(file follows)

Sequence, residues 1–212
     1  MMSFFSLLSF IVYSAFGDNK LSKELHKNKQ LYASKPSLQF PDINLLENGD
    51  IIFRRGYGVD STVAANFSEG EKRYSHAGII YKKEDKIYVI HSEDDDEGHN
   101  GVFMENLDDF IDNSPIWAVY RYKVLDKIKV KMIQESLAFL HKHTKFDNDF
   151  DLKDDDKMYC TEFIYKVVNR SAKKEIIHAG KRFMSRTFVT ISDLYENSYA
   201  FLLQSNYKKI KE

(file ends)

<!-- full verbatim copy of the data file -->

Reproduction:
Sequence, residues 1–212
     1  MMSFFSLLSF IVYSAFGDNK LSKELHKNKQ LYASKPSLQF PDINLLENGD
    51  IIFRRGYGVD STVAANFSEG EKRYSHAGII YKKEDKIYVI HSEDDDEGHN
   101  GVFMENLDDF IDNSPIWAVY RYKVLDKIKV KMIQESLAFL HKHTKFDNDF
   151  DLKDDDKMYC TEFIYKVVNR SAKKEIIHAG KRFMSRTFVT ISDLYENSYA
   201  FLLQSNYKKI KE